May 7

Bill was Dive Sup while Tom sets up his gear

Rick & JB help Tom back from the dive as Rick film

Team Beta-Bravo

Kate in her mighty-morphin power-ranger drysuit.

Alpha Team mapping their grid

Kim helps the students map the terrestrial shipwre

Project Participants and Sponsors

Dive Rite Manufacturing
Sartek Industries
Ocean Odyssey Dive Center
Ponce de Leon Inlet Lighthouse
Volusia County Marine Science Center
Sea Dog Diver
Spruce Creek Scuba
Golub Mechanical Contractors
Fuqua Schools
Underwater Dynamics

DAY 7: Still Hard at It

Tuesday, May 7, 2002
Team #1 consisting of TNT and Jimmy G, discovered the largest concentration of ammunition found to date on the SS Commodore. We would like to believe it was due to their great seamanship and diving experience but in fact it was being in the right place at the right time. It seems Jimmy G was shooing a school of Sergeant Majors away from the grid they were mapping and low and behold a large box of undisturbed ammo appeared in the sand. The hoops and hollering could be heard,by those, on the deck of the Sea Dog Diver.

Team #2 (Tom & Kate) were working in grids 9 and 15 mapping a little boiler. We were working great until we heard such a ruckus in the grid next to us ..thanks to the lovely rebreathers, the ocean wasn’t peaceful anymore. Team #3, Kim and Rick, made a video mosaic of the engine. While Kim started to map, Rick swam over to teams 1 and 2, capture our wonderful underwater mapping skills.

Jeremy Wyatt of Beta-Bravo wrote, “We started the day the same as always, rising early and going through the normal morning routine. Upon arrival to the lighthouse, we split into our groups. We, the “Beta-Bravo” team, helped the divers load and prepare all their gear. We learned about the assembly of rebreathers and the preparations required to use them. After a short ride over to the dock, we began to remove all the gear and place it where it belonged on the boat. Josh read off the gear checklist and we all helped the divers insure their safety. In the middle of the checklist we were interrupted when a manatee swam slowly by the boat. Upon completion of the checklist, we slowly made our way out the channel; we increased speed and headed to the wreck site. The ride there was great, and we all loved the high speed driving of the boat.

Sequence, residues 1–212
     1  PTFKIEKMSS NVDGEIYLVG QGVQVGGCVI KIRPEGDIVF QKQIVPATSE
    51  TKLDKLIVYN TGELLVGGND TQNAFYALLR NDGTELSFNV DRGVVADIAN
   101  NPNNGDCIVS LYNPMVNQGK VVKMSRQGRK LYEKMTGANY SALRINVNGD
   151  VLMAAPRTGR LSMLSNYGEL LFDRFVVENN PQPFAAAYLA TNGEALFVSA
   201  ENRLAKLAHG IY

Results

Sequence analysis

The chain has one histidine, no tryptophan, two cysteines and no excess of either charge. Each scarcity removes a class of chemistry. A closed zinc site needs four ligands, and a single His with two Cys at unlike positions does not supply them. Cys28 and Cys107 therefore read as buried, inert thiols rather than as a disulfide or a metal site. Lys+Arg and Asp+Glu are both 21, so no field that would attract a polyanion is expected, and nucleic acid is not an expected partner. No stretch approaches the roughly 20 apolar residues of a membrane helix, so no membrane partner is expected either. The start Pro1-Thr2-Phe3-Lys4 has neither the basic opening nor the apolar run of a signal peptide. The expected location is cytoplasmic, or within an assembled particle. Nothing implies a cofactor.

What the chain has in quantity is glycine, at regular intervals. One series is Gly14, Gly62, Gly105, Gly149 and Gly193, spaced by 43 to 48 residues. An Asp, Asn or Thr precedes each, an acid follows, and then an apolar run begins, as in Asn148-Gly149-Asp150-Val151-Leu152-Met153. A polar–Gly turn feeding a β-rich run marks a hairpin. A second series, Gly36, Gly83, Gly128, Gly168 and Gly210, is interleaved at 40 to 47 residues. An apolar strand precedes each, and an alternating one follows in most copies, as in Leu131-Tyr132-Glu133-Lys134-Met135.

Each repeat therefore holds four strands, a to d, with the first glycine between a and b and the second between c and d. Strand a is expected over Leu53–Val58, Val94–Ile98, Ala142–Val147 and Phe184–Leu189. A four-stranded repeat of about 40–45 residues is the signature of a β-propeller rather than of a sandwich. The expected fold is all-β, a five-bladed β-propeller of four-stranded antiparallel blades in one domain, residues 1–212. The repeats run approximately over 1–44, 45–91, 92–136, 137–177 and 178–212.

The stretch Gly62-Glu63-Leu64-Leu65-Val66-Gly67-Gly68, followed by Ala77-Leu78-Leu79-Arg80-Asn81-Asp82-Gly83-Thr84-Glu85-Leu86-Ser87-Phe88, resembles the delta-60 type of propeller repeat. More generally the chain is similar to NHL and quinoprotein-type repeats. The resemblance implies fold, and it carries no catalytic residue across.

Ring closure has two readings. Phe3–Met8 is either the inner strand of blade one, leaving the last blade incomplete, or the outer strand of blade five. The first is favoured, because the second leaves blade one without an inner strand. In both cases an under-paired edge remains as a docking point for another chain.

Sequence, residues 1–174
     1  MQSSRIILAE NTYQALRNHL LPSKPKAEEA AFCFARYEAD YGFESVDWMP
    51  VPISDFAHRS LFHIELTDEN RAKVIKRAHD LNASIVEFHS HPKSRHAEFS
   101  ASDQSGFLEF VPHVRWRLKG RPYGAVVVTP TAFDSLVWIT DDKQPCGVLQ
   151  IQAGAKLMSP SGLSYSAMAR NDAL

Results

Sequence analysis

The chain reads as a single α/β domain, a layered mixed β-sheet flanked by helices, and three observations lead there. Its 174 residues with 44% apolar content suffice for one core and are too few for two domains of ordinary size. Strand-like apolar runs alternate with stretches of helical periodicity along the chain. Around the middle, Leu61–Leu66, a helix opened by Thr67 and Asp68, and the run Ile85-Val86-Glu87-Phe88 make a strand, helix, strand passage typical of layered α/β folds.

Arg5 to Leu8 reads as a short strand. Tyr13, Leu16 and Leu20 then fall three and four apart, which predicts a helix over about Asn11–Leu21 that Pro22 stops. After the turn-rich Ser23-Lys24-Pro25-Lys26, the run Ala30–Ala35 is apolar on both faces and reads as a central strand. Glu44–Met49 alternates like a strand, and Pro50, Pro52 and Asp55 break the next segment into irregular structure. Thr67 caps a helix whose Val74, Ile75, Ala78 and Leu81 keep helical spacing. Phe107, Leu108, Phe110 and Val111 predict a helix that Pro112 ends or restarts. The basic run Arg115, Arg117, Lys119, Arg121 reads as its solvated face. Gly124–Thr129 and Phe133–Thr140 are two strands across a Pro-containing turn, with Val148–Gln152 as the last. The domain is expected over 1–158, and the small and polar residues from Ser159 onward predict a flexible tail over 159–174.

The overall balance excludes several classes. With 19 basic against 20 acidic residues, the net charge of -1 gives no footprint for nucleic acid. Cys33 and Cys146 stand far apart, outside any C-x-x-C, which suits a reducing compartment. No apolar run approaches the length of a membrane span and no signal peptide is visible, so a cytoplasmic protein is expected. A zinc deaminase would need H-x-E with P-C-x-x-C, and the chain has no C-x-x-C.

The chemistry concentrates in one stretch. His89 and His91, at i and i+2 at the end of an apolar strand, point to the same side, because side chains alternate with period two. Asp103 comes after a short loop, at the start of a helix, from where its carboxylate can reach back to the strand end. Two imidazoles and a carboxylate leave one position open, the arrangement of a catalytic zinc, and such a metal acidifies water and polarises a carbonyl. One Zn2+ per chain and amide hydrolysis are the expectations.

At the site we watched and listened to the divers as they talked about their plans for the dive. We helped them get into their gear, and they went on their way. We watched from the bow of the ship as the divers swam into the depths of the sea. We continued to sit on the bow of the ship and watch their bubbles move further away and watch the fish and sea life below. We saw several jellyfish, tiny batefish and a barracuda. We all then decided to relax, so we lay down and worked on our tans. The whole time of course we were looking to see if any of the divers were in trouble.

We helped the divers back on the boat, hooked their equipment down, and began on our way back to the dock. Again, racing at high speeds we made our way back toward land. On the way some of the team saw a swordfish racing along side. Finally we reached the dock and began to unload the equipment. We all had a great time and had no problems with sea sickness (thankfully). -Jeremy Wyatt, Beta-Bravo

While Beta-Bravo was enjoying themselves on the boat, the Alpha and Delta teams continued work on the terrestrial “shipwreck”. The two teams planned what each group would do before we “launched”, we watched the dive team leave. After they left we planned for about 20 more minutes. The Alpha team’s assignment was to map grid 4 while the Delta team mapped grid 6. The two grids are side by side so it would ease the sharing of equipment. Since the real dive team had priority over the equipment we had to share the two measuring tapes. This proved to be a slight problem.

We finished mapping grid 6 and half of grid 4. The only major problem was being involuntary feed bags to the native insect population. The insects put a damper on our communicating with hand signals with the constant slapping at our legs and arms. As luck would have it a friendly diver (just passing through) happened to let us use some bug spray so we could get back to business. Overall the dive was a success. With the dive complete, we adjourned to the beach and the jetty.

The sun was very hot and the water was chilled. As the hour of the dive team’s arrival approached, the two teams enjoyed a cold beverage in one of the local restaurants. The tired beta-bravo team and fellow divers returned shortly after we finished our drinks. We helped them unload the equipment, and compared stories from an eventful day. -John Boswell, Delta Team

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